Heated Flash Vaporization Injector

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  • Adjustable from ambient to 300°C
  • Desorption of SPME fibers
  • Tolerant of dirty samples
  • Includes on-column mode

This particular 910 GC model has a standard on-column injector on the first oven, and a heated flash vaporization injector upgrade on the second oven (requires purchase of second on-column injector, also).

The heated flash vaporization injector is useful for applications which require flash vaporization of the sample prior to the column, such as desorption of SPME fibers or injection of extremely dirty samples where the nonvolatile residue must be trapped in the injection liner.

The injector's heater block can be thermostatted up to 300°C, and includes as standard equipment two injector liners: an inert Silcosleeve liner, and an unbreakable stainless steel liner, which allows for on-column mode.

The heated flash vaporization injector option is an upgrade to an existing On-column injector. Two heated injectors may be installed on the model 910 GC, but only one on the smaller Model 310. Where no need for a heated injector exists, we recommend using the standard on-column injector.

Heated injection vs. on-column Injection: Pros and Cons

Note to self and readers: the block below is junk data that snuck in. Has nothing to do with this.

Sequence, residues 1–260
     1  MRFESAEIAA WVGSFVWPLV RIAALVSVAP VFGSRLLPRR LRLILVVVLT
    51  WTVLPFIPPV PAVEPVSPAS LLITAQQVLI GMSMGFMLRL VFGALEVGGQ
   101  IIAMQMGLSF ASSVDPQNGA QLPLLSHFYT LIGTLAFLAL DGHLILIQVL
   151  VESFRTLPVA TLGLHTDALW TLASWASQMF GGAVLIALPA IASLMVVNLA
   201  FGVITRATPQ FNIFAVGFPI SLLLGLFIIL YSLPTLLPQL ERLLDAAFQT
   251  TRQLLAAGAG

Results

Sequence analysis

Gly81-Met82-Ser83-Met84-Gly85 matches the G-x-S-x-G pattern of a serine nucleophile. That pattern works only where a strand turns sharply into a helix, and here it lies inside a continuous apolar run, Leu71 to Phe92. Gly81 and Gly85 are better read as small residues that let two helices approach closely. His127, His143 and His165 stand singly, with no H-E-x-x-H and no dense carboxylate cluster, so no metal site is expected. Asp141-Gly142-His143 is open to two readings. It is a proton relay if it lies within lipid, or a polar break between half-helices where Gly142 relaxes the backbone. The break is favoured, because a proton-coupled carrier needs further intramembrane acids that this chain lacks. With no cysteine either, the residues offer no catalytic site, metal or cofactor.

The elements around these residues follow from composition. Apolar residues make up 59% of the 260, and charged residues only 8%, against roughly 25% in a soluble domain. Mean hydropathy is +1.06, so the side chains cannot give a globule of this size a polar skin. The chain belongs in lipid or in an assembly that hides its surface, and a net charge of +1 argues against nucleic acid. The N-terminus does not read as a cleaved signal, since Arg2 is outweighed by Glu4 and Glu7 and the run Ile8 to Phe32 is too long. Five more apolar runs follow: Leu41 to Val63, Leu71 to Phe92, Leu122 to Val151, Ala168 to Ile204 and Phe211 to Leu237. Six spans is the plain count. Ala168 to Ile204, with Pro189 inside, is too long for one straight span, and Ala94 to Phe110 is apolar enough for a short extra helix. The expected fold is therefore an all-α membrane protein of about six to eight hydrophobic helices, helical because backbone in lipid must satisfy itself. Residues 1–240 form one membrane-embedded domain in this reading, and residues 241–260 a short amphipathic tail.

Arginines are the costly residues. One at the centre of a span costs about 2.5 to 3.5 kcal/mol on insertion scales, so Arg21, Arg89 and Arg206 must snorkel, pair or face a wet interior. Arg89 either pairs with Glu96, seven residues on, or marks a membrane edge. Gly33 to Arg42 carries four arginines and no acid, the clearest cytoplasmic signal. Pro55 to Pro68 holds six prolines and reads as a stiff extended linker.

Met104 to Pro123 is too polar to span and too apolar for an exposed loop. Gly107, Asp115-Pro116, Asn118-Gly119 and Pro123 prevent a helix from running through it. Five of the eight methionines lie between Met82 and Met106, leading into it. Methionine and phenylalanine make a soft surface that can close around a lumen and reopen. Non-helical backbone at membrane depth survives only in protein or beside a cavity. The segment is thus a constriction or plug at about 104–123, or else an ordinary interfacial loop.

In the early days of GC, the column oven insulation was typically several inches thick. It was not then possible to insert a syringe through the oven wall to deposit the sample on the column and be assured that the sample would completely vaporize unless the injector was heated. On today's Buck GCs, the oven wall is much thinner. This allows the syringe needle to penetrate well inside the column oven, thus depositing the sample into the bore of the column itself. As the temperature is programmed up, the sample is completely vaporized. Even high boiling analytes such as C44 hydrocarbons chromatograph well using on-column injection, since the area of the column where the sample is deposited follows the column oven temperature, and ultimately heats to a point where the C44 begins to migrate down the column. There is no need to employ a heated injector unless the sample needs to be split, or if the sample needs to be desorbed from a SPME fiber. In fact, the heated injector has some distinct disadvantages. The internal surfaces of the injector liner are more chemically active than the very inert interior of the column, so undesired adsorption and tailing can result when the sample is violently expanded in the hot interior of the heated injector. Also, the heated injector transmits some heat into the column oven because of its close proximity, making it harder for the oven to cool down close to ambient temperature.

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